davewill said:

I can't give up the Mt. Dew MinH.

 

CreamFilling512 seems to think it has become both a place and network.  I tend to partially agree.  It is in the process of becoming a "place".  If the sense of "place" continues to increase then the sense of identity (brands, names, etc.) will decrease at a nonlinear rate.

 

The natural diversification of many places gives way to one super place.  In a world of one super place is chaos.  A small disruption in the "Internet" has large ripple effects.

 

Sven seems to think "on the Internet" is similar to living "on street xyz".  And to some degree maybe.  Most people say they live "at" address yadda or they live "along" street yadda.  However, in big cities the "on" street is more common.  Maybe it is the sense of being 400 stories in the air looking down "on" street yadda that lends to this.  I'm not sure.  But it leads to similar reduction of identity.  No longer does a person live in {insert favorite townhouse building here}.  They live on a non-specific point - the street.  Would the owners of each townhouse in the building be inclined to make their building the best to in turn continue to attract good neighbors if all references to the building were "on street xyz".  The equivalent street analogy to the "Internet" would be one massive single "Street".

 

Take big time retailers like Wal-Mart, Carrefour, Metro AG, and Tesco (http://retailindustry.about.com/od/famousretailers/a/retailercountry.htm), some of which I have never heard of.  If everyone who purchases something from walmart.com says they purchased it on the Internet then walmart won't be getting any new business from me.  However, if they say it was purchased on walmart.com then walmart might see a new purchaser.

 

How about a non-business walmart example.  Three people put in volunteer time to create an information portal that gives other members of the community help with basic clothing supplies.  If the people being helped referred to the help as coming from the "Internet" then that certainly won't help those 3 help more people.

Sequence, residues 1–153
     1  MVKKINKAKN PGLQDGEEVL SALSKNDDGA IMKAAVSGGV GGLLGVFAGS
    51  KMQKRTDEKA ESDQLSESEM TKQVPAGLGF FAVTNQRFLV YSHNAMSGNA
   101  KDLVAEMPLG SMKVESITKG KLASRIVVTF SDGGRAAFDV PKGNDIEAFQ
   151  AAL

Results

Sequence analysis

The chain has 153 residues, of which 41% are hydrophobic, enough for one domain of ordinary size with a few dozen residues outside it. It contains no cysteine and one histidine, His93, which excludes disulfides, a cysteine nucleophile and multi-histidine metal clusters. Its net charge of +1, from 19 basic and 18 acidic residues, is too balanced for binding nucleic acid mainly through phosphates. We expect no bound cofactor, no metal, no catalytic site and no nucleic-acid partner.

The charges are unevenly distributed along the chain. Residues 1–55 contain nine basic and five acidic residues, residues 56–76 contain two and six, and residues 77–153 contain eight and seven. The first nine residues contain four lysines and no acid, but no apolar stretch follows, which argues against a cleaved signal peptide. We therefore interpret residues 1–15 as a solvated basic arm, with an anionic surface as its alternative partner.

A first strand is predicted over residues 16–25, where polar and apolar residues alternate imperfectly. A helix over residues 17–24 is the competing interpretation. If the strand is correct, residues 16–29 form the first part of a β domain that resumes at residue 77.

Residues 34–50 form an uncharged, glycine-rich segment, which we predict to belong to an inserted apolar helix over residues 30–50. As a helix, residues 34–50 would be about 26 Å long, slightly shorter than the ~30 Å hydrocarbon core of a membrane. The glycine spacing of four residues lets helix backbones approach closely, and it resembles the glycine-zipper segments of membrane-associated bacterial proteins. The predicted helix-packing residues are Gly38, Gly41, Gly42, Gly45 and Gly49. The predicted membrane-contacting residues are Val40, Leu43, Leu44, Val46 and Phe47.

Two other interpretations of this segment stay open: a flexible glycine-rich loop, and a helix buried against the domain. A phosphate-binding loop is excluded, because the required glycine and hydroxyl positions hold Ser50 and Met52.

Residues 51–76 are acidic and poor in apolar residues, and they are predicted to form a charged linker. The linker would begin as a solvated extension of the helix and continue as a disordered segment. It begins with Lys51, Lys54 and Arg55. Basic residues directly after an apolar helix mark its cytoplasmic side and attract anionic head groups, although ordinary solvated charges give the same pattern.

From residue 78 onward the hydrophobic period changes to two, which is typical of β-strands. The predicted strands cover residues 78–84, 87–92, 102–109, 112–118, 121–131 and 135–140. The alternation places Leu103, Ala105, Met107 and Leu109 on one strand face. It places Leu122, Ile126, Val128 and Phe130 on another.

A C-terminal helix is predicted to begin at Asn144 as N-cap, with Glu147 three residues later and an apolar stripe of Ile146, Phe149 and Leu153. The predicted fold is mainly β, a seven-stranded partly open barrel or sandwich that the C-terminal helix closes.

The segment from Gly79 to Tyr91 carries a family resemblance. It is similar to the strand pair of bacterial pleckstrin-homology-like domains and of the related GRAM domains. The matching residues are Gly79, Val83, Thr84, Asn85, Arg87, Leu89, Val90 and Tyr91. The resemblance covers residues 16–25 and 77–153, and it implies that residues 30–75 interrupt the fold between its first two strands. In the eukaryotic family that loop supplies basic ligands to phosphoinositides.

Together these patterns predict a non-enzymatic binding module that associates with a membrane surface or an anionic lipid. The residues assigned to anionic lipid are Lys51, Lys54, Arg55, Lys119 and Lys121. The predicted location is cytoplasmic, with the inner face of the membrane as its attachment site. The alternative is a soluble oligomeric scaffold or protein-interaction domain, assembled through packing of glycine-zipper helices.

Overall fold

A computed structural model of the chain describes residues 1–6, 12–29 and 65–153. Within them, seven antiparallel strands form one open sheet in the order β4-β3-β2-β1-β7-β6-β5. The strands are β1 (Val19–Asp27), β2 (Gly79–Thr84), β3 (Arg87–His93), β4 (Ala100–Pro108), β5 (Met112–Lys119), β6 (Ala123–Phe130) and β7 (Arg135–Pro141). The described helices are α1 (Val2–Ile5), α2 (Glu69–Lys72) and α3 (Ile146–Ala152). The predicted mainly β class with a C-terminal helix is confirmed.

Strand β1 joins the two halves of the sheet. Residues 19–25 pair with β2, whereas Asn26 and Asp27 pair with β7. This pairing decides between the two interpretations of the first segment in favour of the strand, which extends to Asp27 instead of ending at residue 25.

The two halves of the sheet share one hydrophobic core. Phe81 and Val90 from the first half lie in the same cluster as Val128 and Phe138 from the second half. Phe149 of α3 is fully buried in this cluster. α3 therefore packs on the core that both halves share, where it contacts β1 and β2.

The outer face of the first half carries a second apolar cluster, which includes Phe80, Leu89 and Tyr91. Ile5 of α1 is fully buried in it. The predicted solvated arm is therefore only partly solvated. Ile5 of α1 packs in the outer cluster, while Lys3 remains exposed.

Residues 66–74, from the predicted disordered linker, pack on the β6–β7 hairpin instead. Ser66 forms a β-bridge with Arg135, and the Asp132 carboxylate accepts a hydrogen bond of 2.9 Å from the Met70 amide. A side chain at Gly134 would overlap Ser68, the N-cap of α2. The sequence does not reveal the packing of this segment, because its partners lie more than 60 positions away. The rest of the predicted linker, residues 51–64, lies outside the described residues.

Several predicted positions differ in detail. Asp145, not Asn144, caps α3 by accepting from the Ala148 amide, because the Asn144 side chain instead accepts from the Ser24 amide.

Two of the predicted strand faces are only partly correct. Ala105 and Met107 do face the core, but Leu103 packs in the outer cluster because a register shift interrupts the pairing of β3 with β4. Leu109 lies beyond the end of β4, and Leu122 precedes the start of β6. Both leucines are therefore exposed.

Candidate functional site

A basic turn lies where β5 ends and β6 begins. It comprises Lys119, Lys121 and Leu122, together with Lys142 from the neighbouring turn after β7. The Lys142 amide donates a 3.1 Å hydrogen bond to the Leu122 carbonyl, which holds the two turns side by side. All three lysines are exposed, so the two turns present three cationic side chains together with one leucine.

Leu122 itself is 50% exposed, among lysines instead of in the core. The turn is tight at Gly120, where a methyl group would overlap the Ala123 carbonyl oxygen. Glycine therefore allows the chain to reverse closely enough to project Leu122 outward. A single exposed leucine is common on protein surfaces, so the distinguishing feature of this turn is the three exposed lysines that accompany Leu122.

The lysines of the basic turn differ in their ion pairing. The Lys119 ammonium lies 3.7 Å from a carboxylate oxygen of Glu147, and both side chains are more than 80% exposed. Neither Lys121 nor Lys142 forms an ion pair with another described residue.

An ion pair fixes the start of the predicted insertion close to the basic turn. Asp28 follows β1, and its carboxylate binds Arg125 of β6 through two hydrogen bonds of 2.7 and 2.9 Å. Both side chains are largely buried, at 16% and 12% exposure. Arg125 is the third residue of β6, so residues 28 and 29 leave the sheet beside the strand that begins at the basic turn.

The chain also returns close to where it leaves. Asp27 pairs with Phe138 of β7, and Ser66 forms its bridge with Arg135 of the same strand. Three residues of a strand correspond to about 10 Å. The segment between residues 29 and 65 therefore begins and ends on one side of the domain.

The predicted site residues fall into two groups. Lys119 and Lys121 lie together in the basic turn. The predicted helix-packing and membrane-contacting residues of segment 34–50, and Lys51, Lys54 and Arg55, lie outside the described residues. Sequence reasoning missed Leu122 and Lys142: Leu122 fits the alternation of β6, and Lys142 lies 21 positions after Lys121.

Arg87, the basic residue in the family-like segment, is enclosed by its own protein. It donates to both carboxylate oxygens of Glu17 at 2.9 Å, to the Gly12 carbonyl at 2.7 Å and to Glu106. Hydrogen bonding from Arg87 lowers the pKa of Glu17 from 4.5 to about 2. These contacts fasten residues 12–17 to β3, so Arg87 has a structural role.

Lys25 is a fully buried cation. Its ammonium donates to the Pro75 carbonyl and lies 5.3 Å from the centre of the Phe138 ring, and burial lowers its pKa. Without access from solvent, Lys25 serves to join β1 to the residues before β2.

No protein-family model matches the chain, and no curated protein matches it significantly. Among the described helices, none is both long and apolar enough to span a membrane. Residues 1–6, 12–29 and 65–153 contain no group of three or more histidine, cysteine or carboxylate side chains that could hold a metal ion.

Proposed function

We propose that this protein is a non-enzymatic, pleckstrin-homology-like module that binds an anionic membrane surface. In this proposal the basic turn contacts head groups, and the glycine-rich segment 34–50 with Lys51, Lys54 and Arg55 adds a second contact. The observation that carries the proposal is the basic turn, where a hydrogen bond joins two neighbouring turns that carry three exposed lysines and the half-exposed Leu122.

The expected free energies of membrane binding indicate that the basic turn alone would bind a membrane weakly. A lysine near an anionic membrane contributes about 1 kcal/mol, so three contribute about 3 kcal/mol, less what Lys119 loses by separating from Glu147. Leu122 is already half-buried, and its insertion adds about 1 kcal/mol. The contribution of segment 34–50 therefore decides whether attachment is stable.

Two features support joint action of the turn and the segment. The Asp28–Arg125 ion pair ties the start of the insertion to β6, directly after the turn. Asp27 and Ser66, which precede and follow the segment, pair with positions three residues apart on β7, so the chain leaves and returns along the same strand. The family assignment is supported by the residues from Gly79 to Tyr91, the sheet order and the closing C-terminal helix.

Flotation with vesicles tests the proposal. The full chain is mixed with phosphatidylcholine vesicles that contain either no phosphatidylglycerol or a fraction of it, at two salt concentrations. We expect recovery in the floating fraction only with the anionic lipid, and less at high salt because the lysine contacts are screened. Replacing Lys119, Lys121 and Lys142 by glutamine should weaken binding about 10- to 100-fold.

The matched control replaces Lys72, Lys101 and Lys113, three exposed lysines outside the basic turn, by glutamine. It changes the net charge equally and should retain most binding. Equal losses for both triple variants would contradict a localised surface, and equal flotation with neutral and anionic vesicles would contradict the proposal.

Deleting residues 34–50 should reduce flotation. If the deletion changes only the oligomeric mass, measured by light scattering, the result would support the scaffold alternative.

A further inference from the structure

Josh states a good example, the Weather Channel.  If 90% of the time folks referred to it generically would the Weather Channel have been rewarded for their work?  It is entirely likely that they could have died on the vine.

 

To some degree the human brain generalizes on purpose.  It has to or we would be overwhelmed.  The use of "the Internet" is overly generalized.  I wonder if the browser is the root cause of this generalization.  It seems to me that to many try to use the browser for more than it should be.  The browser is the "car".  It gets you from where you are to where you want to be ... and it should stop there.  You don't drive your "car" around Wal-Mart.  Why drive around Wal-Mart in a browser?  Silverlight and things of that nature are exciting as they give the operator (business or otherwise) the chance to build something, easily usable, that the user can traverse in other than the "car" of a browser.

When people say they heard something on the radio, don't they know that radio are types of waves! Instead, they should refer to the radio frequency at which they heard it from!